Linux Introduction
Dr. Stratos Efstathiadis
Technical Director
High Performance Computing Facility
Center for Health Informatics and Bioinformatics

Bioinformatics Requires Powerful Computers

  • One definition of bioinformatics is:
    “The use of computers to analyze biological problems.”

  • As biological data sets have grown larger and biological problems have become more complex, therequirements for computing power have also grown.

  • Computers that can provide this power generally use the Unix operating system ‐ so you must learn Unix

Connect to server

  • Most NGS bioinformatics work requires access to a more powerful computer than your desktop/laptop.

  • This might be a server in your lab, central server for your University, or a rented Cloud server such as the Amazon Elastic Compute Cloud (EC2)

  • Typically, a Terminal program is used to communicate with the remote server

  • Macintosh computers have a nice built in Terminal program (in the Utilities folder)

  • Windows users should install PUTTY

Remote Login using Secure Shell (ssh)

  • Secure Shell: A set of tools that allow secure interaction with

  • remote servers (ssh, sshd, ssh‐add, ssh‐keygen, ssh‐ agent, etc.) using two‐factor authentication, based on

  • What you know (a pass phrase)

  • What you have (a key created and stored on your local computer)

  • ssh is the de‐facto remote login mechanism in Linux/Unix.

  • rlogin, rsh, telnet, etc. use insecure protocols (transmit clear text passwords)

Unix Commands

  • Unix commands are short and cryptic like vi or rm.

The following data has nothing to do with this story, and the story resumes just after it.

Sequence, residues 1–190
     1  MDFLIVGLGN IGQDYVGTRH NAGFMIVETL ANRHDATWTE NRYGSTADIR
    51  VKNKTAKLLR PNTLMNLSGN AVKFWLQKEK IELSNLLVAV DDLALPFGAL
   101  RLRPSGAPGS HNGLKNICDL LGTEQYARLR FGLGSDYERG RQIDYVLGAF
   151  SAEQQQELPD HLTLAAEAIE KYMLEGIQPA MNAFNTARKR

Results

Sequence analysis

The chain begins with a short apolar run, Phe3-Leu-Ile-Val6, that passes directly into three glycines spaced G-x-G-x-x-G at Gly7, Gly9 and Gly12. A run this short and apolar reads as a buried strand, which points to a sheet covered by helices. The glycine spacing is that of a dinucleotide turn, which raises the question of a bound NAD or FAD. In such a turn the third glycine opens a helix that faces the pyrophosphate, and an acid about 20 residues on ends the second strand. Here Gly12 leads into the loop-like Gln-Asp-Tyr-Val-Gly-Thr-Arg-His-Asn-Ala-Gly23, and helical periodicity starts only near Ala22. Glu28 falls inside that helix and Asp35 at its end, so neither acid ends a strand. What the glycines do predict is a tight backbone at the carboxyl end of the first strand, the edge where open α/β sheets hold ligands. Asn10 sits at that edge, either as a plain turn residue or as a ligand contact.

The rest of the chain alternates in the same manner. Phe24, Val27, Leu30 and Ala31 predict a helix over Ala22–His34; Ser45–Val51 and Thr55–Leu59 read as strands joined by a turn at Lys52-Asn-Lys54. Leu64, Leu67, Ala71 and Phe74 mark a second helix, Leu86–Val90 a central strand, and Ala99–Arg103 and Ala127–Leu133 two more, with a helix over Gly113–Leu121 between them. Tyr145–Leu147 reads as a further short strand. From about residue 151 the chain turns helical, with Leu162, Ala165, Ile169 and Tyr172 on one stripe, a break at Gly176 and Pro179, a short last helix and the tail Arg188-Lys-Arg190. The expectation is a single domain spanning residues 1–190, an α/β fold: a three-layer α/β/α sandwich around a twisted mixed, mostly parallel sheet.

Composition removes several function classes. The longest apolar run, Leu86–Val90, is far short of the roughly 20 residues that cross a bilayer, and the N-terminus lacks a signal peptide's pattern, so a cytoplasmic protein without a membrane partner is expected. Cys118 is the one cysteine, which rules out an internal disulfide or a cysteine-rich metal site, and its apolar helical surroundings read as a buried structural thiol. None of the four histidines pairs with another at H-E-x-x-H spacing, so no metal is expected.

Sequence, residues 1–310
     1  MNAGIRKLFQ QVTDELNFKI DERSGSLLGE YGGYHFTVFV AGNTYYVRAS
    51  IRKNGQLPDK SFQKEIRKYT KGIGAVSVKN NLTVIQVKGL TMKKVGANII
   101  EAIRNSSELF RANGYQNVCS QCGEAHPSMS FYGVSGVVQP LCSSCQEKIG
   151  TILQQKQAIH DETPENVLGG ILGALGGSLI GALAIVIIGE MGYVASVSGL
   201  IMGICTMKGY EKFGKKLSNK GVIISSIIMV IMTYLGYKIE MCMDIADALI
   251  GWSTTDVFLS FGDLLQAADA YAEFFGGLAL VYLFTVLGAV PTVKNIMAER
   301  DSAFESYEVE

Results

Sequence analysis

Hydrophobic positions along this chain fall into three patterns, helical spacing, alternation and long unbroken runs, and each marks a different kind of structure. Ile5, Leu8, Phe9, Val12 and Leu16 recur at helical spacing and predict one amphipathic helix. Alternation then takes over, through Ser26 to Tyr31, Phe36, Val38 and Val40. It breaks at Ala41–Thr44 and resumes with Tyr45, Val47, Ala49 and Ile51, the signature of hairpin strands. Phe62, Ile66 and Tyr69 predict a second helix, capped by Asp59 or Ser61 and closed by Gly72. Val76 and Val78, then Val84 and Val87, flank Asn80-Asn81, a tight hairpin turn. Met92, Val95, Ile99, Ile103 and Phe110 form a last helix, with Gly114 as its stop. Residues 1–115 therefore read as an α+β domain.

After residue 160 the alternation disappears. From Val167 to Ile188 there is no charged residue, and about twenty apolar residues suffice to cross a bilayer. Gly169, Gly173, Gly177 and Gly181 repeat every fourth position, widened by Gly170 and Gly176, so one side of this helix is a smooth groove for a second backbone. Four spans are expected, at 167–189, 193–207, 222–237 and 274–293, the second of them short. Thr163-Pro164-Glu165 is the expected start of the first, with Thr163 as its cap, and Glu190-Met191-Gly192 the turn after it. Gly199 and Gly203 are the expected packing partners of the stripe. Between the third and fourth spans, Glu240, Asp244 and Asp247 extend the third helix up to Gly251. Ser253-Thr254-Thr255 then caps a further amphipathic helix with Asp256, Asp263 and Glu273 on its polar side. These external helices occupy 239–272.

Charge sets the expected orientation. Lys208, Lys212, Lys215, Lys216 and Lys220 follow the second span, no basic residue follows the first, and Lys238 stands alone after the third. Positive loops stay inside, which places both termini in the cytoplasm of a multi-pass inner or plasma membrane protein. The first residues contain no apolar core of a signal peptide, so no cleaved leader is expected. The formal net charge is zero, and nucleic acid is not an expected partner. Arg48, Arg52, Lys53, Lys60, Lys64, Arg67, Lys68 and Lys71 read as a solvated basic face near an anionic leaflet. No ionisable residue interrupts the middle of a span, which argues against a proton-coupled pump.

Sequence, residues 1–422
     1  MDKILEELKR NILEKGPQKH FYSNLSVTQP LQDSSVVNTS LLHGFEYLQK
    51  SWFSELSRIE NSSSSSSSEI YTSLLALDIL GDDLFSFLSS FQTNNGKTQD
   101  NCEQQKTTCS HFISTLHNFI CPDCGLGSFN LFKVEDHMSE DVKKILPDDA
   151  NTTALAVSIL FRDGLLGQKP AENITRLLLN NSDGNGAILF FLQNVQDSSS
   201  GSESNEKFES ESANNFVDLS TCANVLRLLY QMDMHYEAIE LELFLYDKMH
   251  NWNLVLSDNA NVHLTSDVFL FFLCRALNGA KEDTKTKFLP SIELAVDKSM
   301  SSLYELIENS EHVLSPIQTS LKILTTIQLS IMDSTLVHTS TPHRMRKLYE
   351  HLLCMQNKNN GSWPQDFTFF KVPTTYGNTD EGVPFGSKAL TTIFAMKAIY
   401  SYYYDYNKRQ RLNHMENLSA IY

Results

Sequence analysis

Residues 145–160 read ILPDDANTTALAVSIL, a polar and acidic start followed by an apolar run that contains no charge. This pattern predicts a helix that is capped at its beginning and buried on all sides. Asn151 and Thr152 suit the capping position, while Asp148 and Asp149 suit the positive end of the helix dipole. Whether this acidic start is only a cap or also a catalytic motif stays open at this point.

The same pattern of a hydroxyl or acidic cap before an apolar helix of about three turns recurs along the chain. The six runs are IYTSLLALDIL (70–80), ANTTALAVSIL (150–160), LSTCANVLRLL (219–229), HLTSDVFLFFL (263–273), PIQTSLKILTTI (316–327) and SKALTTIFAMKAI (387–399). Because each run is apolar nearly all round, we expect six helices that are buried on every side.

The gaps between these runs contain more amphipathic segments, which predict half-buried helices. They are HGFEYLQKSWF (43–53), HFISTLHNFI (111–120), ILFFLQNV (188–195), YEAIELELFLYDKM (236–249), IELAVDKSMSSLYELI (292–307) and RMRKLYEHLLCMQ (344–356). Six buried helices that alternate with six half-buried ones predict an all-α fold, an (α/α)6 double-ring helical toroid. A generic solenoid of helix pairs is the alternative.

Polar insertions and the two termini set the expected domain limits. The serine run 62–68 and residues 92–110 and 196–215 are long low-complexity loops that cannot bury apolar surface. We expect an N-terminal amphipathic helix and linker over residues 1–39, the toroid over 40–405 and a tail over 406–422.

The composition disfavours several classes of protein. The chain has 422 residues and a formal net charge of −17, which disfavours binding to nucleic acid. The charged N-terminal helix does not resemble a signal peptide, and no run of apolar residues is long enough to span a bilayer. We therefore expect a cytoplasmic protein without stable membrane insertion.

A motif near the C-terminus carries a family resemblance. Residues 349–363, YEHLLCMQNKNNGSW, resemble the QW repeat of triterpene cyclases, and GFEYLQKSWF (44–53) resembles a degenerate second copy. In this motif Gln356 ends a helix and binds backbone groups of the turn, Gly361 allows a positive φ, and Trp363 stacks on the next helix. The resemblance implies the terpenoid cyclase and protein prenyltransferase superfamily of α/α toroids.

• Computer geeks like it that way; you will get used to it.

  • The command is not executed until you hit the Enter/Return key

  • use the arrow and delete keys to edit commands

  • Every command has a host of modifiers which are generally single letters preceded by a hyphen: ls ‐l or mv ‐R

  • Unix is cAsE SenSITIve! Capital letters have different functions than lower case letters, often completely unrelated.

  • A command also generally requires an argument, meaning some file on which it will act:
    cat ‐n mygene.seq

Your First Commands

  • bash‐3.2$ date
          Wed Jan 2 13:28:49 EST 2013

  • bash‐3.2$ pwd       (Present Working Directory)

  • bash‐3.2$ touch myfile       (create a new file)

  • bash‐3.2$ ls       (list files)

Working with Directories

  • Directories are a means of organizing your files on a Unix computer.
          – They are equivalent to folders on Windows and Macintosh computers

  • Directories contain files, executable programs, and sub‐directories

  • Understanding how to use directories is crucial to manipulating your files on a Unix system.

Macintosh directory tree

[image from: Keith Bradnam & Ian Korf, Unix and Perl Primer for Biologists]

Your Home Directory

  • When you login to the server, you always start in your Home directory.

  • Create sub‐directories to store specific projects or groups of information, just as you would place folders in a filing cabinet.

  • Do not accumulate thousands of files with cryptic names in your Home directory

File & Directory Commands

  • This is a minimal list of Unix commands that you must know for file management:

    • ls (list)

    • mkdir (make directory)
    • cd (change directory)
    • rmdir (remove directory)
    • cp (copy)
    • pwd (present working directory)
    • mv (move)
    • more (view by page)
    • rm (remove)
    • cat (view entire file on screen)
  • All of these commands can be modified with many options. Learn to use Unix ‘man’pages for more information


  • There are some important shortcuts in Unix for specifying directories and files

  • . (dot) means “the current directory”

  • .. means “the parent directory” ‐ the directory one level above the current directory, so cd .. will move you up one level

  • ~ (tilde) means your Home directory, so cd ~ will move you back to your Home.

    Just typing a plain cd will also bring you back to your home directory